Introducing the Open Source Hydroponic NPK Calculator

If you are a hydroponic enthusiast or farmer, you know how crucial it is to ensure that your plants get the right nutrients to thrive. One of the essential nutrients required by plants is NPK (Nitrogen, Phosphorus, and Potassium). The correct ratio of these nutrients is crucial to maximize plant growth and yield. However, getting the right balance can be tricky, especially for novice growers.

To make things easier for you, we are excited to announce the open-source release of the Hydroponic NPK Calculator. This calculator simplifies the process of calculating the correct NPK ratio for your plants by providing you with a simple tool that automates the process.

The Hydroponic NPK Calculator is an easy-to-use web-based tool that allows hydroponic farmers to calculate the required amount of nutrient solution based on the desired concentration and water volume. The calculator is written in HTML, CSS, and JavaScript and is free to use and modify under the MIT License.

How to use the Hydroponic NPK Calculator

Using the Hydroponic NPK Calculator is very straightforward. All you need to do is:

  1. Enter the water volume in liters.
  2. Enter the NPK ratio in the provided fields. The NPK ratio is the percentage of Nitrogen, Phosphorus, and Potassium in your nutrient solution.
  3. Enter the desired concentration of NPK in ppm (parts per million).
  4. Click on the “Calculate” button to get the required amount of nutrient solution in milliliters.

The calculator does the rest and provides you with the required amount of nutrient solution in milliliters. You can then add the nutrient solution to your water tank to get the correct NPK ratio for your plants.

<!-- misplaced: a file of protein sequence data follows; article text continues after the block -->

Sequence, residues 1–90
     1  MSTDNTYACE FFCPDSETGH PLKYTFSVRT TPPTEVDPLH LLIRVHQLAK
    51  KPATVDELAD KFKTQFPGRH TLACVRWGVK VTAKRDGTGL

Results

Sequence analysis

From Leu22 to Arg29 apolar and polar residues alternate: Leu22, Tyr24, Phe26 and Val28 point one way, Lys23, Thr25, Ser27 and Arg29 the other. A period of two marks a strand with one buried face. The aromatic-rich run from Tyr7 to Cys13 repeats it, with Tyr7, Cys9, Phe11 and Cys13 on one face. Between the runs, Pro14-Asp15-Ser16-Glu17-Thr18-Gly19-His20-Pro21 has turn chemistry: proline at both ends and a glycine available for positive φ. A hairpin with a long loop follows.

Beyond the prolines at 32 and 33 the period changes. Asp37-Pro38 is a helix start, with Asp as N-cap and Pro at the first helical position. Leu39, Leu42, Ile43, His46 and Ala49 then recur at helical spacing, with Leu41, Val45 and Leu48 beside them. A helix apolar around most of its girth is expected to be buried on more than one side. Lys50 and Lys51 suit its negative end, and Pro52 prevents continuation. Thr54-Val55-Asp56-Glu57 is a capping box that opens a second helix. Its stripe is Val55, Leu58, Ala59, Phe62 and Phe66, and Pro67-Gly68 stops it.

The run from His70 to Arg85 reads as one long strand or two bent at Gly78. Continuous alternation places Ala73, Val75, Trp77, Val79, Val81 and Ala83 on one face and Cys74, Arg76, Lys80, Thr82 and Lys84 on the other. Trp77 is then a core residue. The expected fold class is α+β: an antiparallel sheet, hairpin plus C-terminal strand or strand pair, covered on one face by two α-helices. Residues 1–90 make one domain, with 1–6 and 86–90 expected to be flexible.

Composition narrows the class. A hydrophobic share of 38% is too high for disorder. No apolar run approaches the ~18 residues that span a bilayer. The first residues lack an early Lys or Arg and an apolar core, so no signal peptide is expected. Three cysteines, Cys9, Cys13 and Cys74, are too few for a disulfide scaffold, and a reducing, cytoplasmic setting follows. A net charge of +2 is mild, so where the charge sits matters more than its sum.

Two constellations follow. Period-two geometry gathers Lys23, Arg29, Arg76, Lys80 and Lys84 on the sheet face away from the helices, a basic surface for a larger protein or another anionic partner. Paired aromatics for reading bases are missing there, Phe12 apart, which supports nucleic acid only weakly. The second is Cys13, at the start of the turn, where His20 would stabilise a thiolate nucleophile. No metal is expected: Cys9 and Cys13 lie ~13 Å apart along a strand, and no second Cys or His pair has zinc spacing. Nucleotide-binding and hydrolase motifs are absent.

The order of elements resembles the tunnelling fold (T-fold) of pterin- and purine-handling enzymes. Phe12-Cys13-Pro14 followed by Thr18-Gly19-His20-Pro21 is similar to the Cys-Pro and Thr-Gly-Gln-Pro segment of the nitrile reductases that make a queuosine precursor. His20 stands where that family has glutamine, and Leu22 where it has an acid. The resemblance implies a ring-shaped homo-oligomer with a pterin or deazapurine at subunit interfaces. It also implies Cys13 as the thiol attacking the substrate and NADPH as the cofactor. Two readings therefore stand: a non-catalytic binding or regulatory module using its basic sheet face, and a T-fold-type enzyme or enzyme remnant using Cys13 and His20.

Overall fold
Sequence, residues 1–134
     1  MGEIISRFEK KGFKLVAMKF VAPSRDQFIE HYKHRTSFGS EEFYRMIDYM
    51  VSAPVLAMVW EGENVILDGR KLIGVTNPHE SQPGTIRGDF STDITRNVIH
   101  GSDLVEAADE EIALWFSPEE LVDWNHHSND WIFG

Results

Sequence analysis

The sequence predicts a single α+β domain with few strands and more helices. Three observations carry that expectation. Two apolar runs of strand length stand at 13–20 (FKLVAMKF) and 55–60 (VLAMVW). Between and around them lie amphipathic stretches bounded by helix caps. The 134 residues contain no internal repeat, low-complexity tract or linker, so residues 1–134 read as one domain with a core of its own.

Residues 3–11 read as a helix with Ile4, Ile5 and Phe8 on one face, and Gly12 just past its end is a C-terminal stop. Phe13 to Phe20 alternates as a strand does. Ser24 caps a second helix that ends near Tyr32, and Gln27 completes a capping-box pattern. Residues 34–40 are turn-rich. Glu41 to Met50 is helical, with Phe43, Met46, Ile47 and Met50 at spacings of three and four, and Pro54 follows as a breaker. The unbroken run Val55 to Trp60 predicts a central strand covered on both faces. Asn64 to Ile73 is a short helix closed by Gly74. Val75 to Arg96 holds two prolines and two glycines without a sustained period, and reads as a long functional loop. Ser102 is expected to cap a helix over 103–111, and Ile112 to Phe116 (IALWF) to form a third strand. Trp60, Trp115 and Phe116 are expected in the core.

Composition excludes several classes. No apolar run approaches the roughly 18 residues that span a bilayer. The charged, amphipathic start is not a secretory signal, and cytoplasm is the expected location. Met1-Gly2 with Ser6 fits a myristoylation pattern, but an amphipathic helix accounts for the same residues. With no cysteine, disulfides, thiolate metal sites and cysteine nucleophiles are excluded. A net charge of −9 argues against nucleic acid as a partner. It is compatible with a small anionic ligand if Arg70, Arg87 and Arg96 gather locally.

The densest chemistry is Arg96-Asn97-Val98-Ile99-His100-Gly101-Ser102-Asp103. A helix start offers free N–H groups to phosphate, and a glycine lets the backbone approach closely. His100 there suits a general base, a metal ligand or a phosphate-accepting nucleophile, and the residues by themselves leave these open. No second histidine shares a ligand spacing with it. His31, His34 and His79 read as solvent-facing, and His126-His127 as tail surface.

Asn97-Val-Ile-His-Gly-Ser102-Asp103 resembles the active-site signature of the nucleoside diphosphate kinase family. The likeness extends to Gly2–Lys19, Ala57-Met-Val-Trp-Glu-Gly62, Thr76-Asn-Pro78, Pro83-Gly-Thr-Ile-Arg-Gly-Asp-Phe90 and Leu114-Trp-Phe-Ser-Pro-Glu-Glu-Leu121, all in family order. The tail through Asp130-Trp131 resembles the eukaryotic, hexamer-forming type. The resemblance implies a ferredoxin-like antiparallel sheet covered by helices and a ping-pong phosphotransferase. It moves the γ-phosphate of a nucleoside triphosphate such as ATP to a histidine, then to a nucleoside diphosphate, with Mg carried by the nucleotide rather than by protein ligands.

Why use the Hydroponic NPK Calculator?

The Hydroponic NPK Calculator simplifies the process of calculating the correct NPK ratio for your hydroponic plants. With this tool, you can ensure that your plants receive the right balance of nutrients to maximize growth and yield. The calculator also saves you time and minimizes the risk of over-fertilization, which can harm your plants.

Moreover, the Hydroponic NPK Calculator is open source, which means that you can modify and adapt it to your needs. You can also contribute to its development by reporting bugs, suggesting improvements, or submitting pull requests.

The Hydroponic NPK Calculator is a simple but powerful tool that simplifies the process of calculating the correct NPK ratio for hydroponic farmers. With this tool, you can ensure that your plants receive the right balance of nutrients to maximize growth and yield. Try it out and let us know what you think!

Open Hydroponic NPK Calculator

Playing with SDR, ADS-B (Plane Tracking), and what is next

What even is SDR?

SDR stands for Software Defined Radio. In short, it is a piece of software that runs on your computer and enables you to use your computer’s sound card as a receiver.

If you’re unfamiliar with SDR, then you may not know that it has been around since the 1980’s, and was originally known as direct conversion receivers (DCR). An example of what a modern SDR “kit” looks like is below: